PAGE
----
Info Service on WTO and Trade Issues (Apr08/02)
Geneva, 9 Apr (Martin Khor) -- Agriculture negotiations in the small-group Room E format have been going ahead this week, under time pressure for a second revised draft on modalities to be produced in time for a planned "Mini-Ministerial" meeting in the week starting 19 May.
Monday, the chair of the
will issue another draft - the final one according to him. Yesterday,
he said that he had "no idea" when it would come out. But
the corridor talk at the WTO is that it will probably be given out after
UNCTAD-XII (which will be in
What happens after that is unclear. Some diplomats say that it depends on how the paper is received. There could possibly be another "Room E" meeting or two. But most people at the WTO believe that there will be a rush to begin a "horizontal process" in which both agriculture and NAMA (non-agricultural market access) will be negotiated together.
The horizontal process is expected to start in the week of 12 May, with senior officials coming from capitals joining their Geneva Ambassadors. Most WTO delegates are in the dark as to how many WTO members will be invited, or who they are.
A good guess is that the members now invited to the Ambassadorial Green Room meetings convened by Pascal Lamy, the Director-General, will also be called into the horizontal process. The number of countries are less than that involved in the small-group "Room E" process for agriculture and NAMA.
chair of the NAMA negotiations, Ambassador Don Stephenson of
Stephenson has been holding "confessionals", in which individual members or groupings convey to him their views on what they can accept or not accept in his new revised text.
According to trade officials, Stephenson will not be holding any more Room E meetings, unlike Falconer. Earlier, it had been expected that the NAMA chair would hold another Room E session on the most contentious and central topics, the tariff-reduction formula and flexibilities for developing countries.
However, Stephenson is expected to now hold an open-ended meeting on Monday 14 April and if necessary, another one on Wednesday. These are to be the last meetings before he issues his text, also after UNCTAD-XII.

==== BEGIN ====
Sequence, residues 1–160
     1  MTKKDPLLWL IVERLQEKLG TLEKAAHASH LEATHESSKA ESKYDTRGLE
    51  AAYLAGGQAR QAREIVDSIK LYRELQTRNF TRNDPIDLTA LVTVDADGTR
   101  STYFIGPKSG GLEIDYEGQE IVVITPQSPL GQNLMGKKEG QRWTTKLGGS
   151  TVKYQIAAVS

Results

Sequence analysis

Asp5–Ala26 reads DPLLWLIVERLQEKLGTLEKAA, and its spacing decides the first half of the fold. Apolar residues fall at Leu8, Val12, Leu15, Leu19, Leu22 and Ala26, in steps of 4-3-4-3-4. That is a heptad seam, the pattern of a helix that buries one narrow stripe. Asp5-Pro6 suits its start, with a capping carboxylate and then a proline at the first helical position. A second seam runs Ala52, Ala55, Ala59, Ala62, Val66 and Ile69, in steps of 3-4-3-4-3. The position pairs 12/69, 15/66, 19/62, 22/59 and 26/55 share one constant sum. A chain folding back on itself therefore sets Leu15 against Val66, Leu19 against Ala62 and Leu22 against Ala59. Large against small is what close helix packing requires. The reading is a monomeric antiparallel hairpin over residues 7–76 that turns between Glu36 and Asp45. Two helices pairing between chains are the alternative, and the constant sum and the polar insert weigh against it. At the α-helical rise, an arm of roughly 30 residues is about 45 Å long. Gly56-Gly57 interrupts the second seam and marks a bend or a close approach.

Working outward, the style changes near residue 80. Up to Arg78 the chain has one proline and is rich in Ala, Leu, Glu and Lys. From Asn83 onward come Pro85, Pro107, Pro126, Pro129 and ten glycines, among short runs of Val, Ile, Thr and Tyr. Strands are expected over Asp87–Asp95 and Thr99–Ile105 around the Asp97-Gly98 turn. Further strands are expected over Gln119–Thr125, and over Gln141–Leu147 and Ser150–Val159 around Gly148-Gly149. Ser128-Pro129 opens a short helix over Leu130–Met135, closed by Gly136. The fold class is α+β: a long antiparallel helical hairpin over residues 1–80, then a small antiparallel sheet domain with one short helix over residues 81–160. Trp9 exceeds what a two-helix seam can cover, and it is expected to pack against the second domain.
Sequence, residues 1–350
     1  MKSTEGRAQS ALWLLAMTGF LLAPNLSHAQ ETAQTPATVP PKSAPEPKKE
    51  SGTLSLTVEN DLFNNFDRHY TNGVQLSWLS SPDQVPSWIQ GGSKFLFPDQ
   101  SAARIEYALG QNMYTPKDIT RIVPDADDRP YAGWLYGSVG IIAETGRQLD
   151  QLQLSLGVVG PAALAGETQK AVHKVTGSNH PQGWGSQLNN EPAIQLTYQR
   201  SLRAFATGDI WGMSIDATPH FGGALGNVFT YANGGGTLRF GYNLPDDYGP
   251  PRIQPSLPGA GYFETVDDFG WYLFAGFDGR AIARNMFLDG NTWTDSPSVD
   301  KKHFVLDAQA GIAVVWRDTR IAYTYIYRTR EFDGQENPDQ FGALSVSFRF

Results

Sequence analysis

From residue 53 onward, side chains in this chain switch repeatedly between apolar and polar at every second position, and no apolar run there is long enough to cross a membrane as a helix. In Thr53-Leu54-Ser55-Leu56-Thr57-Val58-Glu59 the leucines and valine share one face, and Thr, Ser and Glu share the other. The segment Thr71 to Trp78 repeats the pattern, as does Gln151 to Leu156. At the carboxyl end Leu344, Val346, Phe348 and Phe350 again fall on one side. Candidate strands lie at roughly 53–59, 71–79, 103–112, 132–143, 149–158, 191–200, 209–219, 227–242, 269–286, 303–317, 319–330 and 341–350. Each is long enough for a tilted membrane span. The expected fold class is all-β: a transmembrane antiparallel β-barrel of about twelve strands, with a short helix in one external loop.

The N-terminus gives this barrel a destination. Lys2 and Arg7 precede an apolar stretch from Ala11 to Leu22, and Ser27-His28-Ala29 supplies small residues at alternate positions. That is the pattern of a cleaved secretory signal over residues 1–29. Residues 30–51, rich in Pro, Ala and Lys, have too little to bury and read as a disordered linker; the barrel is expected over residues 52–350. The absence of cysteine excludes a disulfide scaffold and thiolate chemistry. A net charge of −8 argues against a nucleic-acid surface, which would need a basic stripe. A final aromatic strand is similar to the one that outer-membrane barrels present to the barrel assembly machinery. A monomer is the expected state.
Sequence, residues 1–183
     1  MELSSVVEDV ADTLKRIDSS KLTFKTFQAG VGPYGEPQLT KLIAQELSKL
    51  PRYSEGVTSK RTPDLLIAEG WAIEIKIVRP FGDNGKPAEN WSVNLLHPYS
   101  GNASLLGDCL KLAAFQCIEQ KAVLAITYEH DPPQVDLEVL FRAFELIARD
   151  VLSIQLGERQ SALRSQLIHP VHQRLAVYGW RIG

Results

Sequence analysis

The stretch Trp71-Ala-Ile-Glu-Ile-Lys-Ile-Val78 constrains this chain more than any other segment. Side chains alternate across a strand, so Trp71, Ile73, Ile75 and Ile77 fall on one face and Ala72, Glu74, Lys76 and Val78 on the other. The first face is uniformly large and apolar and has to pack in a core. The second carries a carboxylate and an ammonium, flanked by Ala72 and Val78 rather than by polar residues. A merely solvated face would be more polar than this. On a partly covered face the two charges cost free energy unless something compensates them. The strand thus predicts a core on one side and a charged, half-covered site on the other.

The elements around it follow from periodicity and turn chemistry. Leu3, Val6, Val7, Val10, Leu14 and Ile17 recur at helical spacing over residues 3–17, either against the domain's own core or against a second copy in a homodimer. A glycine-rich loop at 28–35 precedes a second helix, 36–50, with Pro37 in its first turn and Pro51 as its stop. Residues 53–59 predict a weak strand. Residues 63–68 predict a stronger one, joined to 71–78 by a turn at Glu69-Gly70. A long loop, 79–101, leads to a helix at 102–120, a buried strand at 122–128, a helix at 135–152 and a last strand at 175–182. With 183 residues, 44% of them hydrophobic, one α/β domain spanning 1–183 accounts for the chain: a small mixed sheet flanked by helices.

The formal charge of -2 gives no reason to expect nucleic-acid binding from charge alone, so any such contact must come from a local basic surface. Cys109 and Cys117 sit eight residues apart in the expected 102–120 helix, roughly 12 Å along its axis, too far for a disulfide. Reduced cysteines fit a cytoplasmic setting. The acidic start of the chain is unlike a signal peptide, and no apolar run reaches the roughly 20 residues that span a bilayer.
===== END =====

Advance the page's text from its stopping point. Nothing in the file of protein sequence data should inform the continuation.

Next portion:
At the agriculture Room E meetings, several issues have been discussed. First, the results of the meetings of the "Friends of the Chair" examining data on domestic consumption (to determine the classification of imports of sensitive products) were discussed.
There are 11 members in the data group. Six of them - the US, EU, Brazil, Japan, Canada and Australia - presented a paper at a Room E meeting on 4 April proposing a methodology for calculating the expansion of tariff quotas for sensitive products designated by importing countries.
The contention is whether these products should be designated at the 6-digit or 8-digit tariff level, and whether domestic consumption figures which are lacking at the 8-digit level can be substituted with import data used as a proxy, and if so, how this could be done. The Friends group has also been assessing whether such an approach would lead to an improvement or reduction in market access.
6 of the 11 members of the Friends of the Chair agreed to a paper on
the approach to "partial designation modalities for sensitive products",
the other 5 members (
According to some diplomats, Falconer feels that he has enough materials from the paper and the Room E discussion to proceed to draft a text on this issue. However, what his text will be and whether it will be accepted remains to be seen, since there is still significant disagreement on this issue.
Early this week, the Room E meeting also discussed the tariff-reduction tiered formula and related issues. According to a diplomat, the Falconer proposal (in his 8 February paper) on an average tariff cut of at least 54% for developed countries and of a maximum overall average of 36% for developing countries was not explicitly opposed.
an earlier round of Room E meetings, G10 countries (
The Room E meeting on Wednesday morning also discussed the treatment of sensitive products for developing countries. That developing countries can have a higher percentage of sensitive products (compared to developed countries) was not disputed.
Para 73 of the 8 February paper states that developing countries shall have the right to designate up to one-third more of tariff lines as sensitive products, while Para 72 states that developed countries can designate up to   percent of [dutiable] tariff lines as sensitive products, while those members having over 30% of tariff lines in the top band of the formula can have   per cent designated as sensitive products.
The Room E meeting discussed various types of treatment for developing countries which do not have tariff rate quotas for their sensitive products, such as adopting full formula cuts with longer implementation periods for those products with no TRQ, or less than formula cuts but implementation periods of lesser duration.
[Sensitive products are to enjoy less than the full formula cuts (one-third, half or two-thirds) but as compensation there should be an increase in the tariff quotas for these products.]
The Room E meeting is also to discuss tariff simplification and tariff escalation on Wednesday afternoon, as well as Special Products (SP) and Special Safeguard Mechanism (SSM). The G33 has prepared a paper with corrections to their earlier proposal to amend the Chair's 8 February text, as well as a note on SP and SSM reiterating their positions.
The Room E meeting is also expected to discuss the Green Box issue in domestic support on Wednesday afternoon, and other aspects of domestic support thereafter.
Falconer intends to finish discussion on all outstanding aspects of market access, domestic support and export competition by the end of this week. +